A bonus treat for any visitor to the Hofburg palace is the Hofburgkapelle (or simply Burgkapelle): a chapel that served dozens of Imperial families through the ages. And some of Vienna’s best singers and musicians now perform within, too.
- Small chapel, but big history
- Parts of the Gothic original remain
- Located next to the Imperial Treasury
- Home to the prestigious Wiener Hofmusikkapelle
- The ensemble performs at Holy Mass services
- See also:
Chapel and concert venue
(The steps leading up to the Hofburgkapelle)
The Hofburg complex has its giant gateways, huge monuments, royal apartments and more. Not to mention the magnificent Imperial Treasury in the Schweizerhof courtyard, home to garnets the size of goose eggs and other baubles from the Habsburg dynasty.
That same Schweizerhof courtyard has another historical jewel tucked away behind an otherwise innocuous entrance.
A set of steps takes you up into the Hofburgkapelle, a large chapel that makes most churches in Vienna feel positively post-modern.
This Imperial Court Chapel traces its roots back to at least the 13th century, even if its exact position (probably) and architecture (definitely) has shifted with the centuries.
(The Imperial Court Chapel; press photo by Regina Aigner, BKA)
The chapel you see today likely appeared more or less in its current position in the early 15th-century under the auspices of Albrecht V (1397-1439), the Habsburg Duke of Austria (among other titles, which the Habsburgs collected much like we collect stamps).
Inside resonates with the hand of history.
As you sit surrounded by balconies, you begin to imagine what whispered conversations might have taken place within, as various Emperors sought solace and divine help during wars with the Ottomans / Prussians / Swedes / French… (delete as historically appropriate).
The body of Emperor Ferdinand I apparently spent a year in the Burgkapelle after his death in 1564. Some 350 years later, visitors to the chapel would have paid their last respects to Archduke Franz Ferdinand, whose assassination in Sarajevo started the chain of events that led to WWI.
(The rear of the chapel seen from outside)
As so often with such buildings, various changes and renovations took place through the centuries, though many Gothic elements remain.
The capstones in the roof, the coloured figures on the walls around the main altar, and a wooden statue of the Virgin Mary all date back to the late 1300s or early 1400s, for example.
Much of the interior stems from major alterations conducted during the 1700s and early 1800s. The tabernacle, for example, was apparently designed by Nikolaus Pacassi (1716-1790), the man also responsible for finishing off Schönbrunn Palace.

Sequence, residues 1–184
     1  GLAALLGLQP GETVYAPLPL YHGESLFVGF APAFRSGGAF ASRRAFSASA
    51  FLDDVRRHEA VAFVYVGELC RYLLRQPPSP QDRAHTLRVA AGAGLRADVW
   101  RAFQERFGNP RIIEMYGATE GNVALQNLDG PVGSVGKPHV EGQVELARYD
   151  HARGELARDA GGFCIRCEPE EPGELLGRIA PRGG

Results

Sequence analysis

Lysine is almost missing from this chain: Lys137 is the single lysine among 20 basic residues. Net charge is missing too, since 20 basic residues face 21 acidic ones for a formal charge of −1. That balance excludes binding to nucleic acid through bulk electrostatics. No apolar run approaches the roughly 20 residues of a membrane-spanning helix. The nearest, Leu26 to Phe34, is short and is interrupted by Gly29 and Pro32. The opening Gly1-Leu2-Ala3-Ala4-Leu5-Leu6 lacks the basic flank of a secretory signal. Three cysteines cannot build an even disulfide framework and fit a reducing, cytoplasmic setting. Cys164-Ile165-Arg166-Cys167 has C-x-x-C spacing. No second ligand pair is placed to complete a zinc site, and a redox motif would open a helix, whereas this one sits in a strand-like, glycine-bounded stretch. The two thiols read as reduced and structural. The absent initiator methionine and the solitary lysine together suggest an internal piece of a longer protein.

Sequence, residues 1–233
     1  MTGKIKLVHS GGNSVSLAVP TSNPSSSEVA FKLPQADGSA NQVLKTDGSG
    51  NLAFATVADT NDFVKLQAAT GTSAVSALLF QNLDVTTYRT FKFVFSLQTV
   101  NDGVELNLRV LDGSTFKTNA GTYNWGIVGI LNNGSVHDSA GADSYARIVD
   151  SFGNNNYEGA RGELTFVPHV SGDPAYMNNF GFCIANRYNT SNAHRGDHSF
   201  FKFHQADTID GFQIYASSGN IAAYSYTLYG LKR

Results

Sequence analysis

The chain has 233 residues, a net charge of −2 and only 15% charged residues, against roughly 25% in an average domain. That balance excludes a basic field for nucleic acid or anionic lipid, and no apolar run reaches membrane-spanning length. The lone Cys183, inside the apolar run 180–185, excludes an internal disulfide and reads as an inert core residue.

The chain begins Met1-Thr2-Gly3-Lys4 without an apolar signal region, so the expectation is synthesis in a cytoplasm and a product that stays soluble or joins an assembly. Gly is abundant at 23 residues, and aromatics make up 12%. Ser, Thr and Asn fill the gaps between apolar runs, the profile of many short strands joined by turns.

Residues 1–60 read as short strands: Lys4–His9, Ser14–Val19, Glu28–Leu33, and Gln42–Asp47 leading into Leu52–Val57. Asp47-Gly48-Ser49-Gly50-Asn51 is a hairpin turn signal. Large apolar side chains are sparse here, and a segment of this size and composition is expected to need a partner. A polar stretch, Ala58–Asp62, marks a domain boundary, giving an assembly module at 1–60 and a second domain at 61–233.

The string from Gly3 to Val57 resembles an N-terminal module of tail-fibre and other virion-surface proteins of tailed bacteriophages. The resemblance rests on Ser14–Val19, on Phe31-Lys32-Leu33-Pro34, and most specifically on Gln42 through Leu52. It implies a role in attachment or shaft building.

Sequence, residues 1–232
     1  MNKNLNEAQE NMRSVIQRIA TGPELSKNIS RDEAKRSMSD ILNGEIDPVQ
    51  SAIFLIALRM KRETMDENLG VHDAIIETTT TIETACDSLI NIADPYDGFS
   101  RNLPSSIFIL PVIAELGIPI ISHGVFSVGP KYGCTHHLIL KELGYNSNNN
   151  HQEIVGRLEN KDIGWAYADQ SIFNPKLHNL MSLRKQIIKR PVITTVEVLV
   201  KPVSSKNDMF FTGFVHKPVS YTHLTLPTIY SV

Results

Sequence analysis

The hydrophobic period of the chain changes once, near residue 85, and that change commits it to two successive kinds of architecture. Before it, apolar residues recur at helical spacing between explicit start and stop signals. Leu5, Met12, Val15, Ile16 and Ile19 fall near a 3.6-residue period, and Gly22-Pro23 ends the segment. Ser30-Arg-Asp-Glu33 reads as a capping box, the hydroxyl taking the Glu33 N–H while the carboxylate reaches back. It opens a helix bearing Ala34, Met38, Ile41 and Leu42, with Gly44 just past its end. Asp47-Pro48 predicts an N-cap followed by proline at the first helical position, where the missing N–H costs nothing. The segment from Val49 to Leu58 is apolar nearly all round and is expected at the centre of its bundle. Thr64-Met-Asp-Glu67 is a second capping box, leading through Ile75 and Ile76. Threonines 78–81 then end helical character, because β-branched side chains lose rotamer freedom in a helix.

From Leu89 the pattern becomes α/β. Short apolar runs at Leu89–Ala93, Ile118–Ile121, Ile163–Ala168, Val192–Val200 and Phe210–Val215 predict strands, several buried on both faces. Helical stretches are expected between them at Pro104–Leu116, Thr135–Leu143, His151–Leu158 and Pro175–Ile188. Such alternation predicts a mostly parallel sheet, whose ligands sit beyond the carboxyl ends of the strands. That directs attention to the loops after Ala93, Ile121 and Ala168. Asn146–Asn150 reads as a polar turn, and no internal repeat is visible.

Given the dates of those changes, you might expect considerable Baroque finery, but the chapel retains a clear Gothic flavour.
Perhaps the renovators wished to add emphasis to the historical legitimacy of the Habsburg dynasty, who rarely left anything to chance when it came to physical manifestations of their power.
(Wedding of Archduke Franz with Elisabeth Wilhelmine von Württemberg in the Burgkapelle on January 6th, 1788; copper engraving by Jakob Adam from a drawing by Johann Christian Sambach; 1788; Wien Museum Inv.-Nr. 220106; excerpt reproduced with permission under the terms of the CC0 licence)
The Hofburgkapelle also serves as the home of the rather prestigious Wiener Hofmusikkapelle, which translates as the Vienna Court Music Ensemble.
Ticketed Sunday performances by the ensemble (mid-September to June) are in the context of a formal Holy Mass in the Roman Catholic tradition. In other words, those are not concerts in the traditional sense of the word.
During the Mass, the Hofmusikkapelle performs the liturgical musical elements from the top gallery (out of sight of much of the congregation), though the event ends with a vocal musical composition performed by ensemble members from the Vienna Boys’ Choir in front of the altar.
Helpfully, a leaflet (in English) provides an introduction to the meaning and structure of the Roman Catholic Holy Mass to those visitors who are non-Christians.
The chapel also hosts occasional other (classical) concerts. Find a full schedule for all the concerts at the Hofmusikkapelle website.
Tickets & visitor tips
You can pop your head into the Hofburgkapelle for free, though opening times are restricted: check that official website for days and times.
For the musical performances, you need a ticket (information also available through the website).
As mentioned earlier, the surrounding Hofburg area has much to offer the visitor too.
Many of Vienna’s other church institutions also feature classical music in a suitably inspiring setting, whether through services or concerts. I have a few suggestions here, plus articles on some of the other prominent churches in the city (one or two even older than the Hofburgkapelle).
How to get to the chapel
Unsurprisingly (and fortunately) the authorities have not put in tram lines or subway stations here. But the Hofburgkapelle is easy to reach.
First find your way to the Hofburg complex in the centre of town.
This typically means a short stroll from a subway station (like Stephansplatz on the U1 and U3 or Herrengasse on the U3), the D, 1, 2 or 71 trams (get off at the Burgring stop) or bus lines 1A or 2A to Michaelerplatz or Habsburgergasse.
(You’ll probably pass through the Hofburg on a city centre walk: it’s Part 2 of my self-guided walking tour suggestion for Vienna, for example.)
Most people will then enter either from:
- The Heldenplatz square side: walk straight through into the complex until you reach the courtyard with the large monument to Emperor Franz II/I. Look right to see the decorated Schweizertor gate. Go through that gate to enter the Schweizerhof and find the chapel on your right.
- The Michaelerplatz square side: ditto, expect now the Schweizertor will be on your left.
Address: Hofburg-Schweizerhof, 1010 Vienna